How can the 2020s be a progressive decade? – Action Paper

Progressive politics has to offer both practical policies for the present, and a sense of the more ambitious, longer-term transitions


Geoff Mulgan argues that progressive politics has to offer practical policies for the present, but also guidance for the more ambitious, longer-term transitions that are currently developing. Both approaches to politics are necessary and will play important roles in implementing progressive policy in the future.

In recent years progressives have been embattled. In many countries they have clung to a shrinking centre-ground – often defending globalisation despite its evident failings, uncertain how to respond to new patterns of inequality, struggling to address threatened feelings of belonging, and squeezed into a defence of past achievements against attacks rather than offering much vision of the future.

The result has been a narrowing of ambition and an emotional hollowing out that has left progressive parties cool, technocratic and unexciting and without either a compelling explanation of the present or a roadmap for the future.

So the future is open, not determined, and the COVID crisis should have made things easier. But there is no guarantee that left-of-centre parties will benefit.

This Action Paper suggests three different ways to respond:

  • Renew the central idea of being progressive – the view that the best years lie ahead, not behind.
  • Translate that into programmes that are ambitious and engaging (on jobs and lifetime learning, care services and housing, climate justice and democracy).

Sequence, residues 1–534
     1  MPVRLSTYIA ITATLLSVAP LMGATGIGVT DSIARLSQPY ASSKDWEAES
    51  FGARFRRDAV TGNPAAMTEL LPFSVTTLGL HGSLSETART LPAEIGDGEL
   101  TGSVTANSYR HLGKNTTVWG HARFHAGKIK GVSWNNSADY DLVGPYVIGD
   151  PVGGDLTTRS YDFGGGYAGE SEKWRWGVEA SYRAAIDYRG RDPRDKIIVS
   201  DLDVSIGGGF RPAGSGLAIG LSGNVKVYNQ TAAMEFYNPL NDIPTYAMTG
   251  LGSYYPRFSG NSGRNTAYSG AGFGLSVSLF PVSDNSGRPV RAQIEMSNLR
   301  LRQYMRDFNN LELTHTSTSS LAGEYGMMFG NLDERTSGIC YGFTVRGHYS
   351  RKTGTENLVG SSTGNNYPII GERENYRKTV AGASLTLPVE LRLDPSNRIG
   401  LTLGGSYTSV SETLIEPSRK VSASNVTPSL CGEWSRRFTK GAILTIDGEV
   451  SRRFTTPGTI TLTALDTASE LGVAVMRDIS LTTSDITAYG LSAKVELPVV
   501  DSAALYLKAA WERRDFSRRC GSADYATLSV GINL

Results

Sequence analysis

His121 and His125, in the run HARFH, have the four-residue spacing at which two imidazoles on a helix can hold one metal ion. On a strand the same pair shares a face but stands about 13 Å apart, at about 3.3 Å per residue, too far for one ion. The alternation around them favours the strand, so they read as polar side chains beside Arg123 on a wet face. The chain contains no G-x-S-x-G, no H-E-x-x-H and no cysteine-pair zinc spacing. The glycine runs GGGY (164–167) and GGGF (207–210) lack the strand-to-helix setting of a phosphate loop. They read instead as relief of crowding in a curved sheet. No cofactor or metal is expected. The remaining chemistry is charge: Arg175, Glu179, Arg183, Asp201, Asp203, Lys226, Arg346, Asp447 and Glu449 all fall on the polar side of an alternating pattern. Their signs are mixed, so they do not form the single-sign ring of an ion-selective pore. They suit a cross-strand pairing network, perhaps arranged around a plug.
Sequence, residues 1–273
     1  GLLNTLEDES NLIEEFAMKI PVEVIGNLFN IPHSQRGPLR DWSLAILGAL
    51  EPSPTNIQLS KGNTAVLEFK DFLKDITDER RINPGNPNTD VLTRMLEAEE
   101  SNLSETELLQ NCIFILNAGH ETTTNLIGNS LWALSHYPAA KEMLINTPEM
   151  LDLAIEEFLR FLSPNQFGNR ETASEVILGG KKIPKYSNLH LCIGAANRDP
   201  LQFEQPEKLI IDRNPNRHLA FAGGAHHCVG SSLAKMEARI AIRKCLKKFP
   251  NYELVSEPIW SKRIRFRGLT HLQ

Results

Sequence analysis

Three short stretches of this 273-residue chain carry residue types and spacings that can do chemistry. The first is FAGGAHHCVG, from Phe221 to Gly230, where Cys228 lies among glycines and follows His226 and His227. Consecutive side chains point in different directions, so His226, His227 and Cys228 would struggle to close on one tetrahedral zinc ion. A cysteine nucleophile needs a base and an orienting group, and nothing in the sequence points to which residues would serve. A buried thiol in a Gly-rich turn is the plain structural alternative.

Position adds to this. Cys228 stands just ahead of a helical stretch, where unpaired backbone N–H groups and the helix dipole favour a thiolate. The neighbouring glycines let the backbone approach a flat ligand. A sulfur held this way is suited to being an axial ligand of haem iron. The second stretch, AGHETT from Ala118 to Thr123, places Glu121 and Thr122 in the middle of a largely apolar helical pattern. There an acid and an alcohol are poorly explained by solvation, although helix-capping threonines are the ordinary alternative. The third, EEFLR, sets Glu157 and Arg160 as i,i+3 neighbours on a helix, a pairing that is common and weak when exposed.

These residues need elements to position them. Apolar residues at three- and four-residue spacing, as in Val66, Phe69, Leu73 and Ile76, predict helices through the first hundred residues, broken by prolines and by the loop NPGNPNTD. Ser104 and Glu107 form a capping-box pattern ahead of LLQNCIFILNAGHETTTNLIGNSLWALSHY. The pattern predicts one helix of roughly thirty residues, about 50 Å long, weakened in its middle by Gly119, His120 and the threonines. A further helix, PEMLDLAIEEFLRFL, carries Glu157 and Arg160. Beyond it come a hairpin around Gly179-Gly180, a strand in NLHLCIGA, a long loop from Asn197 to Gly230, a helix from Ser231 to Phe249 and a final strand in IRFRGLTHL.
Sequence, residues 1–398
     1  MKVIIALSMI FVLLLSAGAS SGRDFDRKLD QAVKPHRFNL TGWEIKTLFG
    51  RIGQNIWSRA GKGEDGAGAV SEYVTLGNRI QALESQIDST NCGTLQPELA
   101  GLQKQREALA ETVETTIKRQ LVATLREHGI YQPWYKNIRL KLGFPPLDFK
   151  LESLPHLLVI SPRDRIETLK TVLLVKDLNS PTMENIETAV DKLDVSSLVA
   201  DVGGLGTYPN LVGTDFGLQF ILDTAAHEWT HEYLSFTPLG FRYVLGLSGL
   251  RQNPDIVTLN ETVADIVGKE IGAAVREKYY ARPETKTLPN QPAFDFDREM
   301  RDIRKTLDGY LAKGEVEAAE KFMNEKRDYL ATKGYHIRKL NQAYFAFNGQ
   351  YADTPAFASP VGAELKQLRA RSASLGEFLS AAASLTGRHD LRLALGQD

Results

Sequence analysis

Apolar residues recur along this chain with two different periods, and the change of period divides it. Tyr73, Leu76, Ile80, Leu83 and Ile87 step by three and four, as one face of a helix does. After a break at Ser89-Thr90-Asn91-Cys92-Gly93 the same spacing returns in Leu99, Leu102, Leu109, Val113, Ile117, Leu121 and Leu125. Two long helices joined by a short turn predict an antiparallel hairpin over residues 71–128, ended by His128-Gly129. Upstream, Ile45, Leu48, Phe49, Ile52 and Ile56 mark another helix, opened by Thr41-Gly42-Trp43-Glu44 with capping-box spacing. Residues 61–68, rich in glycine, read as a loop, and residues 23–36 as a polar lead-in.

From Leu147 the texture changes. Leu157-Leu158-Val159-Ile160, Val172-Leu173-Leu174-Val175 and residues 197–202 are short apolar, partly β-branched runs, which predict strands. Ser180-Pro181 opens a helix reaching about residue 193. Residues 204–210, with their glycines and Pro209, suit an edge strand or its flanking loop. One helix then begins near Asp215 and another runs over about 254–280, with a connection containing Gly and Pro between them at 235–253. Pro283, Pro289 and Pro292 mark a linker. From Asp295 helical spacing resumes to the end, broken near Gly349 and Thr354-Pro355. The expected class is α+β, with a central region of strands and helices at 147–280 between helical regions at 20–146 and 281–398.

• Use these to grow broad coalitions; how to adopt a new philosophy of how to govern and how to rethink political style and culture in a social media era.

The central argument is that progressive politics has to offer both practical policies for the present, and a sense of the more ambitious, longer-term transitions that they are part of: both steps to be taken now and a picture of the journey of which they’re part.

Goeff Mulgan

Presentation at #PGS21


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About the author

Sir Geoff Mulgan is Professor of Collective Intelligence, Public Policy & Social Innovation at University College London. He was CEO of Nesta, the UK’s innovation foundation from 2011-2019 and before he had roles in the UK government. Geoff Mulgan advises many governments around the world. Past books include ‘The Art of Public Strategy’, ‘Good and Bad Power’ and ‘Big Mind: how collective intelligence can change our world’ and ‘Social innovation’.


Annika Hoffmann war ab Januar 2021 Assistentin im Kommunikationsteam. Nach ihrem Dualen Studium an der TH Köln führte sie ihre Leidenschaft für Journalismus und Hörfunk nach Brüssel - zum Master in Communication Sciences an der Vrije Universiteit Brussel mit Fokus auf 'Journalism and Media in Europe'. Hier begeisterte sie sich für Kommunikationswissenschaft und Diskursforschung. Auch in Zukunft möchte sie ihre Interessen in Politik, ideologischer Kommunikation und die Zukunft der liberalen Demokratie, weiter verfolgen und den Schwerpunkt Diskurs und Ideologie rechter und populistischer Akteure, vertiefen. Privat engagiert sie sich ehrenamtlich beim grassroots Think Tank Club Alpbach Belgium Brussels (Teil des Forum Alpbach Network) als Scholarship Coordinator und Vorstandsmitglied.
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